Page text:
Wednesday, December 06, 2006

The Ice Man

It’s a long story, but I’ll try to make it quick. According to The Observer, December 3, 2006 (,,1962643,00.html) —

The Immigration and Customs Executive, part of the Department of Homeland Security, hired an informant for an operation against a group of traffickers. The informant, Guillermo Ramirez Peyro, aka Lalo, was a former Mexican police officer who left the force to deal cocaine. He started working for us, so to speak, in 2000; and he gave information to the I.C.E., the D.E.A., the F.B.I., and the B.A.T.F. He successfully infiltrated the drug ring. His drug bosses enlisted him for the murder of a lawyer, and Lalo was wearing a wire. It was first degree murder, and the I.C.E. could hear the victim pleading for his life.

That information eventually reached the U.S. Deputy Assistant Attorney General. I.C.E. continued using Lalo, but the other agencies didn’t know that. Over the course of his work, Lalo was paid $220,000. And he killed a dozen more people. In 2004, in a case of mistaken identity, Lalo killed Luis Padilla, a U.S. citizen unconnected to the dealers; and I.C.E. had recordings of the event.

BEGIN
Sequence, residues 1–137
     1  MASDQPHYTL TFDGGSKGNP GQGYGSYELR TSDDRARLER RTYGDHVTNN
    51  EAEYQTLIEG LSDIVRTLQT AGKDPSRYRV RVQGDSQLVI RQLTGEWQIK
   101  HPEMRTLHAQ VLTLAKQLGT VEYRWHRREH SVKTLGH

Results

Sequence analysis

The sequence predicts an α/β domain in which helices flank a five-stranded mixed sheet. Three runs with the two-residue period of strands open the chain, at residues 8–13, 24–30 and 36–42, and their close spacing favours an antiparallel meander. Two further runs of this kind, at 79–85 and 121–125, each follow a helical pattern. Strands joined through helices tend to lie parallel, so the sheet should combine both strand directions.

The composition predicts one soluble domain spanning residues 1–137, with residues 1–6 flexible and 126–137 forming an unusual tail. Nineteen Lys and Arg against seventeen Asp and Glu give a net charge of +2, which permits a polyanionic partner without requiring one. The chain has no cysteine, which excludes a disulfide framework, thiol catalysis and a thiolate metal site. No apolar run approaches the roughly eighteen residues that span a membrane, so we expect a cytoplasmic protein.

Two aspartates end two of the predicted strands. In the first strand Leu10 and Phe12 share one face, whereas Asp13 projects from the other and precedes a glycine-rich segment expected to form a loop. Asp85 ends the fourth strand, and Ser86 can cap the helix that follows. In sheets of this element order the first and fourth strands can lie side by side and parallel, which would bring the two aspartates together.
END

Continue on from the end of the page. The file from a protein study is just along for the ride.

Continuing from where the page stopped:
The drug bosses tried and failed to kill a D.E.A. agent; and Lalo was in contact with the would-be killers as the attempt unfolded. I.C.E. debriefed Lalo but wouldn’t allow the D.E.A. to question him. Sandy Gonzalez, the D.E.A. agent in charge of the El Paso office, wrote a letter to I.C.E. holding them responsible for Lalo’s murder spree. Gonzalez noted that I.C.E. had gone to “extreme lengths” to protect a “homicidal maniac.”

I.C.E. and the Department of Justice wanted to keep a lid on the story. Gonzalez, a 30-year veteran of the D.E.A., was told he would be downgraded. If he retired quickly and quietly, he would be given a positive reference for future employers. Otherwise, things might not be so positive. He resigned and then filed a lawsuit.

A gunman in El Paso tried to murder Lalo but missed and killed an innocent bystander instead. Lalo was taken into protective custody; and then I.C.E. began deportation proceedings against their valued informant to send him to Mexico, where he would certainly be killed. For now, he is in prison fighting to stay in the U.S. The drug boss he killed for cut a deal with the feds. He pleaded quilty to trafficking and all of the murder charges against him were dropped.


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